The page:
The government will today issue a five-year long-term bond to raise GH¢500 million through the Ghana Stock Exchange as part of measures to move away from short term instruments and restructure the tenor (maturity period) of the country’s domestic debt.
The bond, with a face value of GH¢1, is targeted at resident and non-resident investors, especially institutional investors such as pension funds, insurance companies and other long term investment and mutual funds which will have the opportunity to bid for a minimum of GH¢50,000 and thereafter in multiples of GH¢1,000.
The Minister of Finance, Mr Seth Terkper, who disclosed this to the Daily Graphic in an interview, said three financial institutions, Barclays Bank, Strategic African Securities (SAS) and Stanbic Bank, had been selected as the bookrunners (managers of the issuance) of the bond which is expected to mature in the year 2020.
The minister said in the past, the country raised funds through short-dated instruments such as the 90-day, 182-day treasury bills and the one-year notes, with the longest being five years.
Such durations stifle the government’s ability to finance debts and denies it the fiscal space with which to direct some resources to capital projects.
Overtime, borrowing from the domestic market through short- term instruments has increased the government’s debt servicing cost, as the debts quickly become due. In addition, it denies the private sector of the needed funds from banks, which also use their funds to invest in such assets, a phenomenon commonly known as “crowding out the private sector.”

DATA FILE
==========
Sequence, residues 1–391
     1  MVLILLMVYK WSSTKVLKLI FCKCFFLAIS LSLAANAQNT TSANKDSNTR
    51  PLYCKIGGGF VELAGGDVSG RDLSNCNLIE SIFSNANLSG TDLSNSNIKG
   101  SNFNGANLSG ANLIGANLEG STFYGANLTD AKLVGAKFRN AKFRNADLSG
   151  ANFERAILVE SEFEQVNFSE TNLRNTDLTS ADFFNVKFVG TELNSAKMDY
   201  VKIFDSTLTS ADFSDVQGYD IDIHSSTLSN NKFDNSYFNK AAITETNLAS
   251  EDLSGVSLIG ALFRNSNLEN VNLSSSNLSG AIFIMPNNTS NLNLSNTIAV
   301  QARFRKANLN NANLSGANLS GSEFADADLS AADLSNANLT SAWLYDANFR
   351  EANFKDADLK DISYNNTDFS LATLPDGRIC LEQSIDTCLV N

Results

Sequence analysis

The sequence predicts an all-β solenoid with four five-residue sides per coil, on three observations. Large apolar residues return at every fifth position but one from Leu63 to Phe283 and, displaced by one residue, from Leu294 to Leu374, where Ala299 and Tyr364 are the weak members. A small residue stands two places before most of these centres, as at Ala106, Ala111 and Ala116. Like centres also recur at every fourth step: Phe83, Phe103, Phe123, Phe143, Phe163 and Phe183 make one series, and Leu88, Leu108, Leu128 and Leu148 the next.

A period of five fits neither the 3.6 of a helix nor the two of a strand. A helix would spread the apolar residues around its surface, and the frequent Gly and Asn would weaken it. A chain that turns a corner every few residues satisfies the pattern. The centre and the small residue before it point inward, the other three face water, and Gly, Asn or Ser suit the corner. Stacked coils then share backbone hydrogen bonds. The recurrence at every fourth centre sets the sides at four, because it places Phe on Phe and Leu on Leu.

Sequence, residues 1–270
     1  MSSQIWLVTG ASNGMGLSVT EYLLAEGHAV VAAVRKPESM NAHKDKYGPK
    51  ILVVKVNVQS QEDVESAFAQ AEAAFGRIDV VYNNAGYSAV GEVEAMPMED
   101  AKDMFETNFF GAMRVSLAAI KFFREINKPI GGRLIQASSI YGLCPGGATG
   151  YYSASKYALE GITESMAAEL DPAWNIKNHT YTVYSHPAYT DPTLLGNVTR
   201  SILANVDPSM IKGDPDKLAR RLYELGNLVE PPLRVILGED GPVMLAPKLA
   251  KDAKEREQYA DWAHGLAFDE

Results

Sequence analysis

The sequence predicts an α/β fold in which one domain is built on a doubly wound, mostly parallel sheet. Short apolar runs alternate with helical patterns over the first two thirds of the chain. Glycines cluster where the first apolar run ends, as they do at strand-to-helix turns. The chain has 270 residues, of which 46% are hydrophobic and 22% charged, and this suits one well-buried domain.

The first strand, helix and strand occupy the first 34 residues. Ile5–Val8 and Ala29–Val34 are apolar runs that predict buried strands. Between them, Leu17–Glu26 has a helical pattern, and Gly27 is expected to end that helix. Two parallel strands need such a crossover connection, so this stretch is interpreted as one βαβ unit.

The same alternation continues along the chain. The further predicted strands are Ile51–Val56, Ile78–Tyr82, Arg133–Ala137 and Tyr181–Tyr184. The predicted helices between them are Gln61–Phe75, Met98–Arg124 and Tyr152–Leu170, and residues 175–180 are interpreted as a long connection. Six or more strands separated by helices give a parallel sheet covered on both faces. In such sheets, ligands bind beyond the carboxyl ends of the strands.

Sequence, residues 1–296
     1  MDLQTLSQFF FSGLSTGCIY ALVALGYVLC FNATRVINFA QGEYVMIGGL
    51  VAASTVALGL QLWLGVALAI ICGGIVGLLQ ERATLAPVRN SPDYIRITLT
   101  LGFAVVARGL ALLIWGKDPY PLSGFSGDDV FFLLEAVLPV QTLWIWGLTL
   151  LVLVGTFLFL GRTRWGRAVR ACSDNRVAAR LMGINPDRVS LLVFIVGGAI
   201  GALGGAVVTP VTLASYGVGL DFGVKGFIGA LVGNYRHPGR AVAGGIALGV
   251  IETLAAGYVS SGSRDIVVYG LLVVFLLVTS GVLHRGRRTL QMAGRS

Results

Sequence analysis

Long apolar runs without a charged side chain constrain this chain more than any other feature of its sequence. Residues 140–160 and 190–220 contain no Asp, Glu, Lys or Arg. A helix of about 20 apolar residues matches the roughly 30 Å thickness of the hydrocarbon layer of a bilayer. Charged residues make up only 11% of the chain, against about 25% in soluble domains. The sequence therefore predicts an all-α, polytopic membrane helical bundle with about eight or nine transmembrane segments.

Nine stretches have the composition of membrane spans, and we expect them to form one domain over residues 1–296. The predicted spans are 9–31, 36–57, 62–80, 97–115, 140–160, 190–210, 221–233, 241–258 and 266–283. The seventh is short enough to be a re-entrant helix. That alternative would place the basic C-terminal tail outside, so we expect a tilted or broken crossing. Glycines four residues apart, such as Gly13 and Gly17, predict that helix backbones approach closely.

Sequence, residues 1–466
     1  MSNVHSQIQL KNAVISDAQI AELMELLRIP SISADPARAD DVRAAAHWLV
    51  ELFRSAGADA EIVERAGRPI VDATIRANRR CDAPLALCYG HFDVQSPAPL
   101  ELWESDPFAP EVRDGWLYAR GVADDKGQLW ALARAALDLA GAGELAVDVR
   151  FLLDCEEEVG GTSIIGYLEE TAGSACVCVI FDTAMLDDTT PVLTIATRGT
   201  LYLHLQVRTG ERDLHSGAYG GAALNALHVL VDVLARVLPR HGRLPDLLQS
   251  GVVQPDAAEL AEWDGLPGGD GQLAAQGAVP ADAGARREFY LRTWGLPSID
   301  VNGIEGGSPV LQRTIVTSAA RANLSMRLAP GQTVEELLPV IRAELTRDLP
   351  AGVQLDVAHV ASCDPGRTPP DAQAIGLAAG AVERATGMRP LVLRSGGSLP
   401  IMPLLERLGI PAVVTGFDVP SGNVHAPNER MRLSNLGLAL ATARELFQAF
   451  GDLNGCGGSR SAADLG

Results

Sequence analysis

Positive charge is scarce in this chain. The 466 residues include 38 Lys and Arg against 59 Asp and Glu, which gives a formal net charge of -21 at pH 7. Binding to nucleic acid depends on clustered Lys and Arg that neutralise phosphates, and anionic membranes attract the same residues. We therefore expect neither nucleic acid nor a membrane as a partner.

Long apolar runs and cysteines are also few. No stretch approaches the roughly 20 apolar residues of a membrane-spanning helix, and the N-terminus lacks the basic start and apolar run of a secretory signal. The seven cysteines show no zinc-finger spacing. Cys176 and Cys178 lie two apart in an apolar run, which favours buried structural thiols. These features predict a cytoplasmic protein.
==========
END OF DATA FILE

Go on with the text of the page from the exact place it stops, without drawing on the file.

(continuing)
This bond issue is thus part of a new debt management initiative by the government which seeks to raise funds through long- term instruments, with the domestic ones being bonds, preferably listed on the stock exchange.
Long-term domestic bond
Mr Terkper explained that the current plan was to increase the maturity period (tenor) of the domestic bonds to seven years or more.
The idea, he explained, was to use it to fund capital projects for a long-term period and principal repayment would be done in bullets, that is, a lump sum payment at the end of the five years.
He said that in the raising of bonds for capital or commercial projects, it was not advisable to use short-term instruments since the project would not even be completed by the time the treasuries mature.
“But a long-term bond of 10 years or 15 years is the best option in targeting projects that could pay for themselves in the end,” the finance minister stated.
For that reason, he added, one could consider raising funding from funds such as the pension funds, mutual funds and individual pension funds.
Mr Terkper said the fund managers could target those funds to be traded on the stock exchange using the same methods that Ghana had been using when it issued sovereign bonds, for instance, on the Irish Stock Exchange.
“The innovation here is using the stock exchange just as we use the sovereign bonds,” he said.
Mr Terkper said the book-building opens tomorrow and that the book would be closed on Thursday when the final pricing and allocation would be done.
He said that settlement and issuance would be done on Monday, November 30, 2015.